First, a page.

Artificially designed, chimeric peptide-based recombinant vaccines are novel approaches to combat the phylogenetically diverse Foot and Mouth Disease (FMD) Virus (FMDV) strains. Among seven distinct serotypes, only serotype O and A are dominantly circulating in Bangladesh and neighbouring countries of Asia, where transboundary transmission, recurrent outbreaks and emergence of novel lineages FMDV are highly prevalent. The objective of this study was to develop multi-epitope recombinant peptides, procuring immunogenicity against circulating diverse subtypes of FMDV serotype O and A. Two chimeric peptides, named B1 (41.0 kDa) and B3 (39.3 kDa), have been designed to incorporate potential B-cell and T-cell epitopes selected from multiple FMDV strains, including previously reported and newly emerged sub-lineages. After expression, characterization and immunization of guineapigs with considerable antigen load of B1 and B3 followed by the serological assays revealed the significant protective immunogenicity, developed from the higher (100 µg) doses of both antigens, against most of the currently prevalent serotype O and A strains of FMDV. The efficient expression, antigenic stability, and multivalent immunogenic potency of the chimeric peptides strongly indicate their credibility as novel vaccine candidates for FMDV serotypes O and A circulating in Bangladesh and surrounding territories.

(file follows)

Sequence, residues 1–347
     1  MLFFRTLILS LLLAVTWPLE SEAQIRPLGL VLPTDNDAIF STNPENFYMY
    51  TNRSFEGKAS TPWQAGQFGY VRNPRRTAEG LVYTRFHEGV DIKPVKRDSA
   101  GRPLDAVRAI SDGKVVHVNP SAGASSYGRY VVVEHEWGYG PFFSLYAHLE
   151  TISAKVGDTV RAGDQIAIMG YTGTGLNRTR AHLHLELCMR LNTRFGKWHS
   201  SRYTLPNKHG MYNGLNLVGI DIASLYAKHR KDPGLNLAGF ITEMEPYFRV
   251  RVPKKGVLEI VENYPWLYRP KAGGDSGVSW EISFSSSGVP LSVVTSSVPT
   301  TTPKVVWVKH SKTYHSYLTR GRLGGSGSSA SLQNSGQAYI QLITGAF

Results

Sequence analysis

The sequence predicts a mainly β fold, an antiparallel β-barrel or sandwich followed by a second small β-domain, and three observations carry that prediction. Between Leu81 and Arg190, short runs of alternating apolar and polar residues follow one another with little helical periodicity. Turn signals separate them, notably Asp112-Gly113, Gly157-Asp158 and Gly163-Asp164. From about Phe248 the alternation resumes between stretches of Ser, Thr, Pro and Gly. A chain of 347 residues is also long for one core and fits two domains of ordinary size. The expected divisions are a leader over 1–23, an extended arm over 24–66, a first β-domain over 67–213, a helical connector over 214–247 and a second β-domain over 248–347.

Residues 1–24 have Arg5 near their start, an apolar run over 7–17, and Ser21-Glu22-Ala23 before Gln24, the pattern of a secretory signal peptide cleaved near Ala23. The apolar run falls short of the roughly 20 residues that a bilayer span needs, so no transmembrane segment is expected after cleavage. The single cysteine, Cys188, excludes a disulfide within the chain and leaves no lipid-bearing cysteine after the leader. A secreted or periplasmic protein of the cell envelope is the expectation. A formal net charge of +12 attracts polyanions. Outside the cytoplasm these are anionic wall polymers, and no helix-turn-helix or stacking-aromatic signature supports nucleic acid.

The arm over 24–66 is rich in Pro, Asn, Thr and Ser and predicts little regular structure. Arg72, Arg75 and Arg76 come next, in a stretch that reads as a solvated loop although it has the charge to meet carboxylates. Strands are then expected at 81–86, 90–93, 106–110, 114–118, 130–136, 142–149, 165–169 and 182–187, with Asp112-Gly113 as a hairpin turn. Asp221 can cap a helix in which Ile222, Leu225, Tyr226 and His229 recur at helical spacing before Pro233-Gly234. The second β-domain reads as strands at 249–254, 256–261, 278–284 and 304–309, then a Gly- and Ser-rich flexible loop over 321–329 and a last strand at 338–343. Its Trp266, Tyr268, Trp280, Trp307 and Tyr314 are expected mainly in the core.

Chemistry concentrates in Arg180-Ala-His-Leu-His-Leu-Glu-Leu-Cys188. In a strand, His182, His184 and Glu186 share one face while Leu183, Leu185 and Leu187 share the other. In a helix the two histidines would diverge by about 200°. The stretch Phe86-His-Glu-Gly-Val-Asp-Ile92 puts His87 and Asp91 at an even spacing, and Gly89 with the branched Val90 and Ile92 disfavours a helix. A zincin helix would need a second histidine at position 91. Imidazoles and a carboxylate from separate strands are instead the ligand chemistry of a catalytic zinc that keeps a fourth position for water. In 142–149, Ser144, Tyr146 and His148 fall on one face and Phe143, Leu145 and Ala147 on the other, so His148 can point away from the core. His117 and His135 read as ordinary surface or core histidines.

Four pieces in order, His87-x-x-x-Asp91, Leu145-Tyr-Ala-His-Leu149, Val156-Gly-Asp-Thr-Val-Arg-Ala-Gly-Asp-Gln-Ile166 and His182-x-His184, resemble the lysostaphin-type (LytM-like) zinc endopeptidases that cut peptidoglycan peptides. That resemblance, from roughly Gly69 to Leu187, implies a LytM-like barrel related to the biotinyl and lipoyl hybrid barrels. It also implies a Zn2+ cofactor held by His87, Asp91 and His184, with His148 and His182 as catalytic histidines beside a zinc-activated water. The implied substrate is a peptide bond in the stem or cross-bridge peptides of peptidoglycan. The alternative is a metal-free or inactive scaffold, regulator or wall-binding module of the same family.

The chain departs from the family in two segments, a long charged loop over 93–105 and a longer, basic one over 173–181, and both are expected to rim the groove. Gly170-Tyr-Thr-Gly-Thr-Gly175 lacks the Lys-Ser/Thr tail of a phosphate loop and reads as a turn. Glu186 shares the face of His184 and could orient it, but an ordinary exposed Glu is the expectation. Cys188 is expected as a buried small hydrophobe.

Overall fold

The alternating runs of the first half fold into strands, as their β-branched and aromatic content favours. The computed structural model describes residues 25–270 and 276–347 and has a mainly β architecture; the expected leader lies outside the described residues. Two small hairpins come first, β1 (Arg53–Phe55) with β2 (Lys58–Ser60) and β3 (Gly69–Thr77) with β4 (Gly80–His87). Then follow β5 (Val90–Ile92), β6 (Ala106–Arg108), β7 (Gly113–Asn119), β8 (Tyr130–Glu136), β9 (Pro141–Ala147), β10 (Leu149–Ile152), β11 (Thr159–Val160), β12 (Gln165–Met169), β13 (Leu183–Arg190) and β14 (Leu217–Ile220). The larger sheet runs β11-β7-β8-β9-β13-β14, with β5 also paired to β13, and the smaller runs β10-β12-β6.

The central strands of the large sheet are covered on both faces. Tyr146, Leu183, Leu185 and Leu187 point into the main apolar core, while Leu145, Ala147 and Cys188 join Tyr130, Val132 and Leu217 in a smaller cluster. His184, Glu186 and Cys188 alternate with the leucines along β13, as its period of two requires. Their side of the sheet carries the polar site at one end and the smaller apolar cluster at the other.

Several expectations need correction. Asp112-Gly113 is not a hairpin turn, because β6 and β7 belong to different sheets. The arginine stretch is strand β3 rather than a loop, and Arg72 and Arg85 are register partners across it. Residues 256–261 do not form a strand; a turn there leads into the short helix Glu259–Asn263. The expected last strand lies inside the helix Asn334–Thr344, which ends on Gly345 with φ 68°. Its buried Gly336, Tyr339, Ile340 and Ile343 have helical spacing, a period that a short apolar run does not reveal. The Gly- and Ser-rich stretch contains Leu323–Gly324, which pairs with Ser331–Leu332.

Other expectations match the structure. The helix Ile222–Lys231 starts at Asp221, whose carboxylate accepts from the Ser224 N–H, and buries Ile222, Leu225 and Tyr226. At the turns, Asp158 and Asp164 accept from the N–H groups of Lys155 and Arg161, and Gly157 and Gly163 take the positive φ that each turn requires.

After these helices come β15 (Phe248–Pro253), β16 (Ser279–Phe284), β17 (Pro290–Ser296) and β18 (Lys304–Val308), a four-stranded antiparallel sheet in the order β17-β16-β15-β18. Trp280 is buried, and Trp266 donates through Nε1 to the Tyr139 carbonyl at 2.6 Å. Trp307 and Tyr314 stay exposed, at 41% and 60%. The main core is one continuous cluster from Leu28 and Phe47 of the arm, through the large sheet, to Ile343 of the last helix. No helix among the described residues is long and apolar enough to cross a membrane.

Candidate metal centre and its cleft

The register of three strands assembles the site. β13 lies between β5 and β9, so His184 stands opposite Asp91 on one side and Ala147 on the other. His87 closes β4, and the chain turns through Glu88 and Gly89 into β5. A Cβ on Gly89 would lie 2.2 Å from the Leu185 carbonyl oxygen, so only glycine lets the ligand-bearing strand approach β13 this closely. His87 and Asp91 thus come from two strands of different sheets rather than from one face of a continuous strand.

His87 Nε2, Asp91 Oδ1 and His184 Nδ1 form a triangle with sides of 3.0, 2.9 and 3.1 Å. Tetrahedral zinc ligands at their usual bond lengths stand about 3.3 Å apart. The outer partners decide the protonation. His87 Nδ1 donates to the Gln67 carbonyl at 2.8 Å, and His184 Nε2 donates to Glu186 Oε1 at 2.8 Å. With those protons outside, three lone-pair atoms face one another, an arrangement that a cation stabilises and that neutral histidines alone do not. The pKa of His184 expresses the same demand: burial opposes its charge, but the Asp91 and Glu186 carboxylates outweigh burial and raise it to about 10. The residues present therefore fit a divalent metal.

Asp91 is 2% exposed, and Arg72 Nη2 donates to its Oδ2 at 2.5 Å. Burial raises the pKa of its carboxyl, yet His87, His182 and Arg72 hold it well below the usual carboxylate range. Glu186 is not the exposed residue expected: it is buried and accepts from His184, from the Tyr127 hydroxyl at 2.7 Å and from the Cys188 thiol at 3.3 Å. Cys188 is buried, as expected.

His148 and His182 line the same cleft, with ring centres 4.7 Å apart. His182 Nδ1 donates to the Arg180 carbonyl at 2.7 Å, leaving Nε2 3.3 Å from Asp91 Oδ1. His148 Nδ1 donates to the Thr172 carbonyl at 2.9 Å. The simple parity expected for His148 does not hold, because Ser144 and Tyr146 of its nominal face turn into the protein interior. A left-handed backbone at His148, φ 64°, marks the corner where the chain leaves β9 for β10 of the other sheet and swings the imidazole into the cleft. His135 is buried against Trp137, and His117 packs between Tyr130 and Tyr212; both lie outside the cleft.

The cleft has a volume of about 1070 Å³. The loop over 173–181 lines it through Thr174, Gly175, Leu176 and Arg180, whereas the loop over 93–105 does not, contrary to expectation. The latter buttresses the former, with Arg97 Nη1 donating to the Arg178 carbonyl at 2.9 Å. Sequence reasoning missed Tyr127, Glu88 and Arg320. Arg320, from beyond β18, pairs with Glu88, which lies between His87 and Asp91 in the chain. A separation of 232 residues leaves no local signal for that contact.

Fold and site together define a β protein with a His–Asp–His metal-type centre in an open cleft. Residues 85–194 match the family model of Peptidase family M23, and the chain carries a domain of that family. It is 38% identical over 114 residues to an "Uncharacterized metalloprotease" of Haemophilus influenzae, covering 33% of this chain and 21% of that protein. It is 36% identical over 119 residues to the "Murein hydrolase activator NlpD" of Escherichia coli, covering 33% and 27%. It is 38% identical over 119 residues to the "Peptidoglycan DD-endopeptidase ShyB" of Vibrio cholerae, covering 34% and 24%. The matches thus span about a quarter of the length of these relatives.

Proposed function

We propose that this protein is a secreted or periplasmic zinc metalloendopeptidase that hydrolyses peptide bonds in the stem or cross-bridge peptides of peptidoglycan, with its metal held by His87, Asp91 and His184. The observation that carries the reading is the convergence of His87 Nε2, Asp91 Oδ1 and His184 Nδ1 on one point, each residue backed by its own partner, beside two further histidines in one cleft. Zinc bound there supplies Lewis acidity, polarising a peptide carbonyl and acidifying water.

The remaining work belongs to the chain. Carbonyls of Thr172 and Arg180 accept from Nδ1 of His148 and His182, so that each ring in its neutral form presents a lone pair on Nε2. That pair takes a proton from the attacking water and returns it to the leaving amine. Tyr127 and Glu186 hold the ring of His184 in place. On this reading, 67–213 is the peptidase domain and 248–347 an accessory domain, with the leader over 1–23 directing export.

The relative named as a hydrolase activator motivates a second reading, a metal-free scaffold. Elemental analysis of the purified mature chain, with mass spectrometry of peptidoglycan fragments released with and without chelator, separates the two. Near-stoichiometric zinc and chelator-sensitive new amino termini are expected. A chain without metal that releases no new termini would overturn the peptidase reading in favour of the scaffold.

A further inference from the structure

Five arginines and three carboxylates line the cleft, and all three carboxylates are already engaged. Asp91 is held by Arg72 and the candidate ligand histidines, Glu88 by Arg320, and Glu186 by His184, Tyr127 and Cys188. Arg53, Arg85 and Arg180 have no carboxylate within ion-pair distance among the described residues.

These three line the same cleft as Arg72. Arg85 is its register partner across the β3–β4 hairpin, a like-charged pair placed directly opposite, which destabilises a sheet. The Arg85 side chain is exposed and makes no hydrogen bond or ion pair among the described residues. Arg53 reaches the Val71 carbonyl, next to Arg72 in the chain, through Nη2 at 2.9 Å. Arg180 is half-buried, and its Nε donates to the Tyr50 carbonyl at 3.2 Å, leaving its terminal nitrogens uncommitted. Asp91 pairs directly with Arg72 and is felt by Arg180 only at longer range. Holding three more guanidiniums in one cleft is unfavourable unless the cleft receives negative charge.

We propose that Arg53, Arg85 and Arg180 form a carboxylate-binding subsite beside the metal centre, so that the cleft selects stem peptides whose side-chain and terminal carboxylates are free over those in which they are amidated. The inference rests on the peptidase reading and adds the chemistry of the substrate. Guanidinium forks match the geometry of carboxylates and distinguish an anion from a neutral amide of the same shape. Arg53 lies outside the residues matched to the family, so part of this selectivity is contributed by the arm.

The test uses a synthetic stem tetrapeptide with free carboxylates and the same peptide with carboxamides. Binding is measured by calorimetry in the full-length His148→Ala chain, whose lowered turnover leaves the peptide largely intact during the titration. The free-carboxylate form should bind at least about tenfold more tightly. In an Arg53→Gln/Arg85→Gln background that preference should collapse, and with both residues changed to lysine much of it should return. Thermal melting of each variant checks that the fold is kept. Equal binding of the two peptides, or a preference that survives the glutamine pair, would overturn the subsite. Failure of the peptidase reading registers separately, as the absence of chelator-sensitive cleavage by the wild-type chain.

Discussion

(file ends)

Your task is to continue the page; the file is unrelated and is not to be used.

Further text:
ARTICLE | doi:10.20944/preprints201806.0244.v1
Subject: Life Sciences, Molecular Biology Keywords: Clostridium botulinum; botulinum neurotoxin; serotype F; subtype; VAMP-2; synaptobrevin; Zn2+ protease
Online: 15 June 2018 (05:32:49 CEST)
In the recent past about 40 botulinum neurotoxin (BoNT) subtypes belonging to serotypes A, B, E, and F pathogenic to humans were identified among hundreds of independent isolates. BoNTs are the etiological factors of botulism and represent potential bioweapons, but are also recognized pharmaceuticals for efficient counteraction of hyperactive nerve terminals in a variety of human diseases. The detailed biochemical characterization of subtypes as the basis for development of suitable countermeasures and possible novel therapeutic applications is lagging behind the increase in new subtypes. Here we report the primary structure of a ninth subtype of BoNT/F. Its amino acid sequence diverges by at least 8.4% at the holotoxin and 13.4% on the enzymatic domain level from all other known BoNT/F subtypes. We found that BoNT/F9 shares the scissile Q58/K59 bond in its substrate vesicle associated membrane protein 2 with the prototype BoNT/F1. Comparative biochemical analyses of four BoNT/F enzymatic domains showed that the catalytic efficiencies decrease in the order F1 > F7 > F9 > F6 and vary by up to factor eight. KM values increase in the order F1 > F9 > F6 ≈ F7, whereas kcat decreases in the order F7 > F1 > F9 > F6. Comparative substrate scanning mutagenesis studies revealed a unique pattern of crucial substrate residues for each subtype. Based upon structural coordinates of F1 bound to an inhibitor polypeptide the mutational analyses suggest different substrate interactions in the substrate binding channel of each subtype.